Population Growth, Cheap Money and More
RE/MAX Executive Pamela Alexander’s history with the RE/MAX brand and the greater Canadian housing market runs deep, having spent 40 years with RE/MAX after her father, Frank Polzler, together with his business partner Walter Schneider first brought the brand to Canada in 1980. Combined across Canada, RE/MAX now has 21,500 agents and almost 1,000 offices. “It certainly is a brand that has made its way in the last 40 years. Canadians have placed a lot of trust in us,” Pamela told Financial Post reporter and Down To Business host Emily Jackson in a recent podcast, where they discussed everything from industry disruption and professionalism, to RE/MAX’s innovation and legacy.
Proptech and the Canadian Housing Market
Technology has removed much of the friction associated with the real estate transaction of the past. “It has made the life of the Realtor easier in many ways, and it has made the transaction for the consumer better,” Pamela reflects. Her expectation is a continued evolution of the industry thanks to technology, with the benefits extending to both consumers and the real estate industry.
The new reality also comes with some murky areas to navigate, namely “fake news” and the idea of “disruption.” But as the CEO of RE/MAX INTEGRA, which has been dubbed Canada’s original real estate disruptor, Pamela’s view is a positive one.
“One of my roles as the CEO for several decades has been to look to the future…and judge every potential threat to our industry and our business with open eyes and an open mind. What’s been very interesting through the entire process is the fact that consumers, even with all of these incredible choices that they have, are still opting about 90 per cent of the time to use a Realtor.”
In 1980, the Canadian real estate industry was controlled by banks and trust companies, with a few national brands that saw profits heavily favouring brokers, and top-producing agents subsidizing the non-producers. Business partners Frank Polzler and Walter Schneider changed the game, introducing a new business plan that put commissions into the pockets of the agents who earned them. And thus, RE/MAX INTEGRA – the “home of the top producer” – was born. True to Polzler’s and Schneider’s vision for the company and the industry, the best agents joined the brand and conquered the Canadian housing market. Today, RE/MAX has #1 market share in Canada – a position that it has held consistently since 1987.
“We see information flowing to consumers on a consistent basis. What’s really important is that this information is accurate,” Pamela notes. Therein lies the key to continued success in a rapidly changing industry where “disruption” is the norm.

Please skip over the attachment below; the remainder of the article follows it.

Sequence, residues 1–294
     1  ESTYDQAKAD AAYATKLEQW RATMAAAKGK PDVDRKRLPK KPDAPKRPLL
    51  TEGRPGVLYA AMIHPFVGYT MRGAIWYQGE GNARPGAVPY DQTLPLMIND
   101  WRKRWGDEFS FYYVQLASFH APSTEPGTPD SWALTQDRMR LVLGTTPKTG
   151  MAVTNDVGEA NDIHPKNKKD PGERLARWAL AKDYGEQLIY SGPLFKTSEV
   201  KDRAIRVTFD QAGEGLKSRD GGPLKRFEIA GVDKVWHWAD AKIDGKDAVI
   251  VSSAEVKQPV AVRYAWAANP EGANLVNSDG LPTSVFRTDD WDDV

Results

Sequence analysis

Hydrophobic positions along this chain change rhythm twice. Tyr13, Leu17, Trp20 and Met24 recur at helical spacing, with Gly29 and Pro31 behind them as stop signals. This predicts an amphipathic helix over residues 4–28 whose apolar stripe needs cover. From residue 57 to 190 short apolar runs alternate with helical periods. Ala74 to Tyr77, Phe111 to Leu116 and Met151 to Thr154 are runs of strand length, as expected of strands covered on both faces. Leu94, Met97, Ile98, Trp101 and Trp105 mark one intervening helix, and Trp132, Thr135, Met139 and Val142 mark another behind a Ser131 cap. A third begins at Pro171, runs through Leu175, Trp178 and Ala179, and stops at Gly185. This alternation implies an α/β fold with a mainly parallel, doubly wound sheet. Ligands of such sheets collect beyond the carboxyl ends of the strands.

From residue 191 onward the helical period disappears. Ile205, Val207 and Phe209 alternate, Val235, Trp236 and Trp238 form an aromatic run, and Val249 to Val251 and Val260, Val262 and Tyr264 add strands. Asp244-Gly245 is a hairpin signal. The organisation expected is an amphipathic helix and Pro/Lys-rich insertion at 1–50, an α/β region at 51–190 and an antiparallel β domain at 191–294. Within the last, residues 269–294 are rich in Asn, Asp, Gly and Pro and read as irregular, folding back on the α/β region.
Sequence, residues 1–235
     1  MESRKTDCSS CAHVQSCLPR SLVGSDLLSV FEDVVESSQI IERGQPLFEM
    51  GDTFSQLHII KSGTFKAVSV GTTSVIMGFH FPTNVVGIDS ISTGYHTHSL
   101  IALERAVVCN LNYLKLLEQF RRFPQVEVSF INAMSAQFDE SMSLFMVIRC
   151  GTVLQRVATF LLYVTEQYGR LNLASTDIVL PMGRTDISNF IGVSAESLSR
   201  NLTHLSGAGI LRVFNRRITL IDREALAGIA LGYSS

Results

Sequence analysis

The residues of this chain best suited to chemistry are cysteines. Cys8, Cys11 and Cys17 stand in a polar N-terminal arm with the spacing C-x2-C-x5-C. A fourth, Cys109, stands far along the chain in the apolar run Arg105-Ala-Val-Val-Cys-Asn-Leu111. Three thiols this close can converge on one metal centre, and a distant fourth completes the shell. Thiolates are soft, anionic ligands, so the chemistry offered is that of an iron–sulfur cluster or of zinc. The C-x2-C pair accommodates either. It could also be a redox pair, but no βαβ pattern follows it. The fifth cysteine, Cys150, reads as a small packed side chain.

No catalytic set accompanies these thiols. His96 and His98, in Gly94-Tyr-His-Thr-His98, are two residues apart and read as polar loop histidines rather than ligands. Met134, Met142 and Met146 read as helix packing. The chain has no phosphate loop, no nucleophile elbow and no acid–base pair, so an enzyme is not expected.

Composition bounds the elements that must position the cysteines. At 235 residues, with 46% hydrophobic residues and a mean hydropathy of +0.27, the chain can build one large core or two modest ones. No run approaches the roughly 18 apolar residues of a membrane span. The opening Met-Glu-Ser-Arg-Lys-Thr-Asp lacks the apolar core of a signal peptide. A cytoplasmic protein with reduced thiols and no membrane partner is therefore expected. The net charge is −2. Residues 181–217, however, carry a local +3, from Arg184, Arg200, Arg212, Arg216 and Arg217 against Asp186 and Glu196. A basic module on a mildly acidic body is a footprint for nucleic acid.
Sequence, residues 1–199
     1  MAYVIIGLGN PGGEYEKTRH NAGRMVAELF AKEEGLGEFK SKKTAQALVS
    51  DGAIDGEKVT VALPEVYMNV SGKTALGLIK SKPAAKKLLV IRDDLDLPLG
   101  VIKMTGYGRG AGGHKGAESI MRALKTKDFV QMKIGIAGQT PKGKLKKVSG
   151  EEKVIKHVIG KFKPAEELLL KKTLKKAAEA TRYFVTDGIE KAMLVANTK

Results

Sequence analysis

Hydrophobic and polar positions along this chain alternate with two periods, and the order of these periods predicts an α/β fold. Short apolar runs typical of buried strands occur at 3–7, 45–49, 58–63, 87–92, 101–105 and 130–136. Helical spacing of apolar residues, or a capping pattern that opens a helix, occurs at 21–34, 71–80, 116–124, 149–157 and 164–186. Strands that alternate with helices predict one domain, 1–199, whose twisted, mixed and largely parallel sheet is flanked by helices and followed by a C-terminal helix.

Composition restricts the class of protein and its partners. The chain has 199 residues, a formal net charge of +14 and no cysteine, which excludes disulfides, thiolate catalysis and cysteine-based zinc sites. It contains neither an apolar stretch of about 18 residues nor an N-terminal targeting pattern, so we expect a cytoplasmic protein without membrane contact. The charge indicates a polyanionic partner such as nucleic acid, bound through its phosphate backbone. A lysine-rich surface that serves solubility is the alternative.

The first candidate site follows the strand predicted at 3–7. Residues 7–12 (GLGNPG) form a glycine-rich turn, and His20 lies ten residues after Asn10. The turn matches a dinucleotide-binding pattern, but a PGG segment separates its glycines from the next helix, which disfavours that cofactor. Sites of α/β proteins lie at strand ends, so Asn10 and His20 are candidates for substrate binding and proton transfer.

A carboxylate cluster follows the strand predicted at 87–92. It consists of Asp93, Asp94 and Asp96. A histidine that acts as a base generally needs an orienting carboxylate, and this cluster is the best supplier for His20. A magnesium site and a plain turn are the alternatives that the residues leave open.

“A good real estate agent is an advisor, helping you through the bumps of the real estate transaction. Hopefully their knowledge, expertise and professionalism will have value for you as a consumer. If there’s no value, that’s when we’re in big trouble as an industry. We have to continue to find an important role. If we can’t do that as an industry, we’re going to be disintermediated, like so many other businesses have been.”
Pamela doesn’t see a big shadow looming over the industry, at this point. “There’s room for all kinds of different challenges, technologies and real estate companies and systems.” Pamela believes this is precisely what makes the industry long-timers better operators, more open-minded, and able to cater to consumers’ wants and needs, “to be sure that we stay front-of-line.”
Hot Canadian Housing Market Brings an Agent Boom
In the podcast, the host points out that hot Canadian housing markets like Toronto and Vancouver have seen a boom in real estate agents. According to the Canadian Real Estate Association, there are 125,000 agents in Canada – a national increase of 25 per cent in the last decade. What does a boom like that mean for RE/MAX?
“Because of the way RE/MAX is set up, agents have to have some financial skin in the game to be part of our system. We look at [the boom] as a challenge, but not necessarily to who we attract.” Pamela stresses the importance of professionalism and commitment to the field. She notes that half of agents in Canada don’t do a single real estate transaction in a given year.
Professionalism in the Industry
“My hat is off to the leaders and regulators of the industry, to continue to ensure education is constantly demanded and improved. But there’s a big fail on the part of actually participating in the business. Many people that are in the real estate business across the country today are part-time agents. They do maybe one, two or three transactions a year, if any at all. They may have a full-time job [elsewhere] and they’re not really full-time, dedicated real estate professionals. RE/MAX boasts that we outsell our competition three to one, and that comes from outside industry numbers. The fact is, our system really attracts people that make this a career, who do a lot of transactions which gives them a lot of experience. Transactions equals experience.”
Pamela says the experience is what allows agents to help their clients through any kind of market, by giving solid advice and taking the emotion down a couple of notches – especially in these hot markets where people are being outbid constantly. “So, at RE/MAX the boom hasn’t affected us…but as an industry I do remain concerned because tied to education, there needs to be a production element. You shouldn’t be able to stay in the business unless you do a minimum number of transactions a year…to be a functioning Realtor in an industry that is complex, where people are making the biggest decisions of their lives.”
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